SHREVEPORT-BOSSIER CITY, La. (KSLA) -Mardi Gras season is back, and while it’s always a fun time for the family, it’s also great for the Shreveport-Bossier economy.
The Shreveport Bossier Convention & Tourist Bureau shared that Mardi Gras in our area has a $22 million economic impact on our community.
Thousands of people head to our area to experience everything we have to offer including the parades.
“Our major parades are the Centaur and Gemini, but on those parades, we have over 100,000 attendees,” said Public Relations Manager Shalisa Roland. “A lot of them come in from east Texas.”
Roland says they spend time trying to target a lot of people from the Texas area and they even have plans to visit the Dallas area at the end of the month with a pop-up event.
“We’ll bring a chef, we’ll bring king cakes, we’ll bring a local band... we’re basically packing up Shreveport-Bossier and placing it in Dallas," she said. “I feel like sometimes it’s not enough to say ‘come to Mardi Gras in Shreveport-Bossier,' sometimes we got to bring the party to them.”
This year they are also offering something new...the opportunity to ride on a float next month.
“A lot of people don’t even realize that’s a once in a lifetime opportunity,” Roland said. “Many of us have spent countless Mardi Gras seasons and have never stepped foot on a float.”
Small businesses like the Lowder Baking Company have really benefited from Mardi Gras season. Sarah Lowder owns this business with her husband and says selling king cakes have helped them grow after being opened for just one year.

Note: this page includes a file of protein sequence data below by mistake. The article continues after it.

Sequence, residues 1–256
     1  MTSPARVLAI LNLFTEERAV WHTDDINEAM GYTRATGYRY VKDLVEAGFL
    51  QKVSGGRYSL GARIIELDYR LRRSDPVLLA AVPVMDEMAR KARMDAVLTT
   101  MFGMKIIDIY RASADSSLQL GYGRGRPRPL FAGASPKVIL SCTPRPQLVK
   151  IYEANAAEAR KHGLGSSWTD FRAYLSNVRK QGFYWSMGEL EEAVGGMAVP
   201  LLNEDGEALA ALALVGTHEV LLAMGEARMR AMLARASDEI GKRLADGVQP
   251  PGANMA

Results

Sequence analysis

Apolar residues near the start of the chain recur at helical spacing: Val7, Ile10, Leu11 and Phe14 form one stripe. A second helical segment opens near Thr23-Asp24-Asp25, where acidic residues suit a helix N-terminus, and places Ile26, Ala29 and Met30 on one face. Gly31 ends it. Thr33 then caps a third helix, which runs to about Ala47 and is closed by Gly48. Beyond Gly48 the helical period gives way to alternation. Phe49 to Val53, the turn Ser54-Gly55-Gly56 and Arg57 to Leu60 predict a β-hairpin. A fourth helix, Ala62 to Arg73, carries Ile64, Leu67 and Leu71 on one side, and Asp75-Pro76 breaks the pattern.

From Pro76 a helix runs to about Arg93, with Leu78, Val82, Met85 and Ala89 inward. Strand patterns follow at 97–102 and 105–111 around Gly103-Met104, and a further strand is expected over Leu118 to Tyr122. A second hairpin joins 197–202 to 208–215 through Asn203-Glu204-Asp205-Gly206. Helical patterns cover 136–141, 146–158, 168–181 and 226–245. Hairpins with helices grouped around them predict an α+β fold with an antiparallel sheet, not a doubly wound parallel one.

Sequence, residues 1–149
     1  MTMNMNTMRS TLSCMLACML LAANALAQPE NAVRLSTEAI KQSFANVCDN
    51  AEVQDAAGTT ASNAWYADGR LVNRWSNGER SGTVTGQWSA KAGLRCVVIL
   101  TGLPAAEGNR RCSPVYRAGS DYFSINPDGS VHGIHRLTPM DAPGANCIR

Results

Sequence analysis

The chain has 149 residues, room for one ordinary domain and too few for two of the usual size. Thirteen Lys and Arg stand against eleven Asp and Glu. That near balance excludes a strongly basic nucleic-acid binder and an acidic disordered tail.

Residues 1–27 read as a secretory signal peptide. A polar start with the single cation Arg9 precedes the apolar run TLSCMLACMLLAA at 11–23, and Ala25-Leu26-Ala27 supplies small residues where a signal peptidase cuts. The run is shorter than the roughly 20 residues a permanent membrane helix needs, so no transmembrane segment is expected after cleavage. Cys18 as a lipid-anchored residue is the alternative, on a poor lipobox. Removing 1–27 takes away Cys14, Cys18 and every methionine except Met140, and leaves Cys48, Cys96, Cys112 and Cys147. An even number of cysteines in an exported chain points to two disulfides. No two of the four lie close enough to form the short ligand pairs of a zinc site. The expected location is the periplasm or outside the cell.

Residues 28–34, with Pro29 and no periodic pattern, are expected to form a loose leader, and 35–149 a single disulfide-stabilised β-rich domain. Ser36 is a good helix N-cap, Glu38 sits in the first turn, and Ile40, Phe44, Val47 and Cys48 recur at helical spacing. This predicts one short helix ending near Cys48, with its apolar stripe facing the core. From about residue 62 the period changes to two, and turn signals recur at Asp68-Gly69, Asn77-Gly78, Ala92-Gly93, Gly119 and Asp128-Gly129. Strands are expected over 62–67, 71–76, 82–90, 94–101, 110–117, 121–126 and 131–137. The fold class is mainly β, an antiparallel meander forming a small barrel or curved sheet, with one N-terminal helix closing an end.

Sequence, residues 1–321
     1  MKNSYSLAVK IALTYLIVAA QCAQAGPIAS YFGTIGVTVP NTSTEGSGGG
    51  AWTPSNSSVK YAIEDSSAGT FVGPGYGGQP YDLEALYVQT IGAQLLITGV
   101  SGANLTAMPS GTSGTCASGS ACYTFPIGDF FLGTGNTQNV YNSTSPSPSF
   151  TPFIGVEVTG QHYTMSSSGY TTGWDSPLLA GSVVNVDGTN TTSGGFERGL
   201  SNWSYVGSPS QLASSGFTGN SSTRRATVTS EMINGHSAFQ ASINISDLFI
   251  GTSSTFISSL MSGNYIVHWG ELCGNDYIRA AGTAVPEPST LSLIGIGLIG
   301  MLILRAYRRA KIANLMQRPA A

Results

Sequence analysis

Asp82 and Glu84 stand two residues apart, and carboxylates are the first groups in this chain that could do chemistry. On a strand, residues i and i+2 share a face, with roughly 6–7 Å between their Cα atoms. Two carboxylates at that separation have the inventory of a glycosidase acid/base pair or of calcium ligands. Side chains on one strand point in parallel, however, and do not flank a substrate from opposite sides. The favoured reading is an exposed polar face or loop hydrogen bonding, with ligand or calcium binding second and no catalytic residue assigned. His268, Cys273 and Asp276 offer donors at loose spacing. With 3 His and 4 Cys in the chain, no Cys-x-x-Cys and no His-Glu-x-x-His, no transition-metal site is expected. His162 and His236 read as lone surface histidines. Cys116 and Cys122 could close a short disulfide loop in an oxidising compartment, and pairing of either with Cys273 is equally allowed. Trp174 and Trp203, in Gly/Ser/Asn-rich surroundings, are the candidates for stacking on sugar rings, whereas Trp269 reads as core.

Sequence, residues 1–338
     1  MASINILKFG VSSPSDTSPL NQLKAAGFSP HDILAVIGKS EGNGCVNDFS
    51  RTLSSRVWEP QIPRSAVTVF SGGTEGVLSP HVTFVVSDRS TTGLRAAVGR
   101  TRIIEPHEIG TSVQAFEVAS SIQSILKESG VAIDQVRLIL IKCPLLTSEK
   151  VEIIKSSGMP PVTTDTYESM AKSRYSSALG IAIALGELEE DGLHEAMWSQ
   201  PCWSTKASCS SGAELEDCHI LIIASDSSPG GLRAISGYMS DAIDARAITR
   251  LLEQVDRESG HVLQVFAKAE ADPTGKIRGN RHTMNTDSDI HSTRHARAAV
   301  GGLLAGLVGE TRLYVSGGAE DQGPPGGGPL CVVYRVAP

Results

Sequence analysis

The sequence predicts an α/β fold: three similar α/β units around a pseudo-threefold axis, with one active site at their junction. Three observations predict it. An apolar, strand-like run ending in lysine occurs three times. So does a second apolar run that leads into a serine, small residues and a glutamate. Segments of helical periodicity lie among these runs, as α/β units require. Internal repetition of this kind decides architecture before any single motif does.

“Our Lowder King Cakes are really what we’re known for and how we started,” she said. We’ve already shipped to over 30 states with our king cakes and so it’s not just a local economic impact but we’re getting a lot of customers from all over the U.S."
They sell over 100 king cakes a day during Mardi Gras season, and those sales helped them physically grow their location and hire more people this year. They’ve also gained exposure from all across the state.
“Louisiana cooking magazine put as number one on their list of Louisiana’s best king cakes which is huge 'cause that’s a New Orleans based magazine and for north Louisiana to be able to have that exposure, that’s just been not only great for us but also I feel like great for our area.”
Lowder says they plan to continue selling their king cakes until Mardi Gras season is over and then focus on offering other pastry items and also commercializing their fresh baked bread by partnering up with local restaurants.
The Krewe of Sobek will kick off the first parade of the season from 1 p.m. to 4 p.m. on Saturday, Jan. 18 in Shreveport’s Queensborough neighborhood.
You can view the rest of the parades schedule this season HERE.